For their study, the Chinese team created a system that detects changes in light that occur when someone speaks near optical fibre. Diagram from the paper presents the eavesdropping scheme

‘So any fibre placed in a building is actually a sort of microphone that can tap any kind of conversation.’  

For their study, the Chinese team created a system that detects changes in light that occur when someone speaks near optical fibre.

The system picks up sound at one end of the fibre and emits sound at the other end, based on changes in the transmitted light.

In lab experiments, the audio at the end wasn’t perfectly clear, but it could be made easier to understand with existing computer speech enhancement methods, the researchers claim. 

They say the eavesdropping method requires ‘complicated equipment and strict conditions’, but add that ‘secret stealing behaviour will always done regardless of cost’. 

Such a method could be disastrous for company headquarters fitted with fibre optics, as they could have confidential information leaked from snooped conversations. 

The researchers have suggested several ways to prevent eavesdropping, including materials such as metal and glass to coat the fibre, which would reduce changes in light caused by sound.

FIBRE OPTIC TECHNOLOGY: A PRIMER 

Everywhere on Earth, hair-thin optical fibres carry large amounts of information from different places. 

Optical fibres are a technology that uses glass or plastic threads (fibres) to transmit data. 

A fibre optic cable comprises a bundle of these threads, each of which is capable of transmitting messages modulate onto light waves.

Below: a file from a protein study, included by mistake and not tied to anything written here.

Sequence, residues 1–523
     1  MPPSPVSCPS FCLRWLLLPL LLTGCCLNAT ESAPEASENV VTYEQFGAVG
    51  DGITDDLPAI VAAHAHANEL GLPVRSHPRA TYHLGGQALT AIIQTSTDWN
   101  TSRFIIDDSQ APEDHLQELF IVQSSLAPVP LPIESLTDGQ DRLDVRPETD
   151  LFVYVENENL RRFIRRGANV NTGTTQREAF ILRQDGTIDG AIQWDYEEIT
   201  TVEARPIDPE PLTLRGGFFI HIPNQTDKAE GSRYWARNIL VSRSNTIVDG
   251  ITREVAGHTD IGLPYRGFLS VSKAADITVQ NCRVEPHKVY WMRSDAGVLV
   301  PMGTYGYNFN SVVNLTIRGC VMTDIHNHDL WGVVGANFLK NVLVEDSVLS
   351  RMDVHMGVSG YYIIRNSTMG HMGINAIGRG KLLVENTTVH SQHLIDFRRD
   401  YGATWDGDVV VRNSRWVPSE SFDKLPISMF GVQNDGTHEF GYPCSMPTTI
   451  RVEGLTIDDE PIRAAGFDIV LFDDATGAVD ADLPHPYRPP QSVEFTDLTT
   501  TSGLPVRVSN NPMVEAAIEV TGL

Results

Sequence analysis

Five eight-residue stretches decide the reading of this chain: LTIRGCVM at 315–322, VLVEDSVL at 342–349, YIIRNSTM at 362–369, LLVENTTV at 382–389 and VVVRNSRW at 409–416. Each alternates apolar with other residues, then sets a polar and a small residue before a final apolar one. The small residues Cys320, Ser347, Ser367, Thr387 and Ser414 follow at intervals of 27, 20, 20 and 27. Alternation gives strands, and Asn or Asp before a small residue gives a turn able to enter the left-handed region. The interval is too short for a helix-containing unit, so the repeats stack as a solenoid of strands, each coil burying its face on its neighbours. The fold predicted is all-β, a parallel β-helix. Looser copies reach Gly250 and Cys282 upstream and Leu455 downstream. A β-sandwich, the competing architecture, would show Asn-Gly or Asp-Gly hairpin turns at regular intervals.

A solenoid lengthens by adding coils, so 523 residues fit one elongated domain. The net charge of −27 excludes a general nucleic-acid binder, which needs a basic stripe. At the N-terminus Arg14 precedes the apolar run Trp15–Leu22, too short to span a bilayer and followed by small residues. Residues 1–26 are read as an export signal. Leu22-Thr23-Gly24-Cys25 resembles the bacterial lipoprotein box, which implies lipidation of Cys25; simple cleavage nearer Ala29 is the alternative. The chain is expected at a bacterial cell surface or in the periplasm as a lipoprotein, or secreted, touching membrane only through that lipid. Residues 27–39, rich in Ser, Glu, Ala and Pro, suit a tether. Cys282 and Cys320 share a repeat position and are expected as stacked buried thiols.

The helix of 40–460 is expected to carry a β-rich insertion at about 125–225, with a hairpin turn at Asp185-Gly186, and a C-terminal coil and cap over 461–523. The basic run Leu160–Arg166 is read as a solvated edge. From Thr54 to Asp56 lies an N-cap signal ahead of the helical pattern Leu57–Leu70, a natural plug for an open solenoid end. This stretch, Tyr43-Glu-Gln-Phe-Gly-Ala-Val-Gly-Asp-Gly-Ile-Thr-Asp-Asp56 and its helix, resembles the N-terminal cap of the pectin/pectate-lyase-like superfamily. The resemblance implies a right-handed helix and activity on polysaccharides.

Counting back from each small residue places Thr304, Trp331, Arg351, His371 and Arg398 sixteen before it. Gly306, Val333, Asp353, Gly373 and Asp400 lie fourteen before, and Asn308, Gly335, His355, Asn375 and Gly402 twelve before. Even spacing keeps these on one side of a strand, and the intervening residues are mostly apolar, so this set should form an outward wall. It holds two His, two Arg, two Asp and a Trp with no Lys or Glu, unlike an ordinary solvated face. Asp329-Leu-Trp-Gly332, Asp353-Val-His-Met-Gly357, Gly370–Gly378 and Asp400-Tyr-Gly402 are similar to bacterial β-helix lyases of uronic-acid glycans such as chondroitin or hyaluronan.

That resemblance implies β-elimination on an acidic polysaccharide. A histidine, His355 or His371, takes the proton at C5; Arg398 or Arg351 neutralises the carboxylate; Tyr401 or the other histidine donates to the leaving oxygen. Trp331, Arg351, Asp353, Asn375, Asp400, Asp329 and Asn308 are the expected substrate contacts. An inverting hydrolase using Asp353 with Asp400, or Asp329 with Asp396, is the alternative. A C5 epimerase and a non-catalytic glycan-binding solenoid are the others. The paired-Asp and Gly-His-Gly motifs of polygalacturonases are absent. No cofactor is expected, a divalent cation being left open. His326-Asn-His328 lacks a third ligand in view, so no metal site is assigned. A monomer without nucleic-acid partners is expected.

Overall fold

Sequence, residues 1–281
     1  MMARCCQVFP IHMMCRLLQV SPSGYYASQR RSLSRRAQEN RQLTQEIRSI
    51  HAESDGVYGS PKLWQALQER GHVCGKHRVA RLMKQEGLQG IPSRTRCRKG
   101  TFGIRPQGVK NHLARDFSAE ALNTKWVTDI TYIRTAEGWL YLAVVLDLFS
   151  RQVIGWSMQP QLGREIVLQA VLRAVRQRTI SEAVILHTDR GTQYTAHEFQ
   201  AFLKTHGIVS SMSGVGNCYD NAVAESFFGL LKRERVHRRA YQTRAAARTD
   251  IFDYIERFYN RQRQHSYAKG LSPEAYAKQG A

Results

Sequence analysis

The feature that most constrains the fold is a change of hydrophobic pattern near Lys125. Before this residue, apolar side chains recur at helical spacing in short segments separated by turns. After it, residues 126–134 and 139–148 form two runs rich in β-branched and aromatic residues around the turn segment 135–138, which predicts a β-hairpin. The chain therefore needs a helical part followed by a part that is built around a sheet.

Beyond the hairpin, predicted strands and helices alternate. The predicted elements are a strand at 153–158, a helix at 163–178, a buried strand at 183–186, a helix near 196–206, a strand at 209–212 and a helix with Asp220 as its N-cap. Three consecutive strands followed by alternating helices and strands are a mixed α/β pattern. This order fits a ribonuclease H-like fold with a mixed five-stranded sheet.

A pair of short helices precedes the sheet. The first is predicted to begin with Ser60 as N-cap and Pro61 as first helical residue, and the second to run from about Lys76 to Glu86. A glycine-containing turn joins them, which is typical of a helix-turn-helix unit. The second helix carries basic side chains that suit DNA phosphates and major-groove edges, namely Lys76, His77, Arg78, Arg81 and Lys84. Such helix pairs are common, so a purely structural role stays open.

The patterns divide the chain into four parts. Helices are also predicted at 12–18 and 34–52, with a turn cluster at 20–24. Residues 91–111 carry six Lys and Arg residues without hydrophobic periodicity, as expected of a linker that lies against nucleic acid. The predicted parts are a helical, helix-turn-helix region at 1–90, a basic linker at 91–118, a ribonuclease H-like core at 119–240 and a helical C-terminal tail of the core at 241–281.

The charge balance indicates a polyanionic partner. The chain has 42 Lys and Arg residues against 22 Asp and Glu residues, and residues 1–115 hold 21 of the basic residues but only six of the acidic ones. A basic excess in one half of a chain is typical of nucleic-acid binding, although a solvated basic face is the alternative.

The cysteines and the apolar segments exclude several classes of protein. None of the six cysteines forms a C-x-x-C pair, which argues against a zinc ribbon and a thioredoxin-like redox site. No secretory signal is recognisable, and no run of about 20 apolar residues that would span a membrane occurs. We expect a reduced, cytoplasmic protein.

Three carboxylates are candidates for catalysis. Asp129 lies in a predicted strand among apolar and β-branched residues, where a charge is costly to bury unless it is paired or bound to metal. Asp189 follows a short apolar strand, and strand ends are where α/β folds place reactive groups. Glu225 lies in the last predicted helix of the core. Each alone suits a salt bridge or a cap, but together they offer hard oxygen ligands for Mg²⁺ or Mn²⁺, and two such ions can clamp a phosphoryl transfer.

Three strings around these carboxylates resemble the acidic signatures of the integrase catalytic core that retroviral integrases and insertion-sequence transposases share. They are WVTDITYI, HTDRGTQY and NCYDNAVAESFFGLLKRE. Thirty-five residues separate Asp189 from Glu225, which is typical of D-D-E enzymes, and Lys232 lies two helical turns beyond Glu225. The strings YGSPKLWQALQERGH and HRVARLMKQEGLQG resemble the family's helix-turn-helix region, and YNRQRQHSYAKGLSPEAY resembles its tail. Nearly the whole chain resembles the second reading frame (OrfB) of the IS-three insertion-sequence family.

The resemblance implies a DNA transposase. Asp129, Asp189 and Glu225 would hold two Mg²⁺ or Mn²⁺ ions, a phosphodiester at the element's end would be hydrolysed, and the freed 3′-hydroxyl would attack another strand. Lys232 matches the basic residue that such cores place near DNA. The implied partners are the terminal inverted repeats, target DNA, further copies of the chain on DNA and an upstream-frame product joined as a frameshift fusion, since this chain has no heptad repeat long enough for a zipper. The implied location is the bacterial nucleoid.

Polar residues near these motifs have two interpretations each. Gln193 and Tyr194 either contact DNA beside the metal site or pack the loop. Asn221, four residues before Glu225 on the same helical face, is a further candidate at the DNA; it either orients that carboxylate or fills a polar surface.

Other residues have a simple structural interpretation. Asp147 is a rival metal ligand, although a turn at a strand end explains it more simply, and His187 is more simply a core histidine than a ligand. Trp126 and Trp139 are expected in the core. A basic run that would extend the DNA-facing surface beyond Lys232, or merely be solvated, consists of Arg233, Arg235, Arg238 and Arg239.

Fibre optics enable more information to be carried due to some of its properties which include low cost, immunity from disturbances that can affect electrical wires and wireless communication systems, and the fact that they are much thinner an lighter than metal wires. 

Optical fibres have played an important role in the rapid growth of world-wide communications in the last 25 years, and are important in enabling the growth of the internet.   

One type of broadband network architecture using optical fibre is known as fibre to the premises (FTTP).

As the name suggests, this is where fibre-optic cables run all the way to a premises, whether it be a house, flat building or office. 

According to the current layout mode of FTTP, fibre up to several meters will be installed in residents’ homes.  

Full-fibre broadband, which offers speeds of up to 1000Mbps (megabits per second), allows for better quality video calls and higher resolution movie streaming.

Full-fibre broadband is currently available to around one quarter of Brits but it will take at least two decades before it reaches every home in the UK. 

Full fibre means that the fibre optic connection goes all the way to the property, rather then just to the local telephone exchange, with copper cable completing the ‘last mile’ connection. 

Full fibre will provide the fastest broadband speeds to date – around one gigabit per second (Gbps) – capable of downloading TV shows or movies in seconds.  

According to Broadband Compared, 25Mbps is the minimum download speed for steaming a 4K movie on both Netflix and Amazon Prime Video.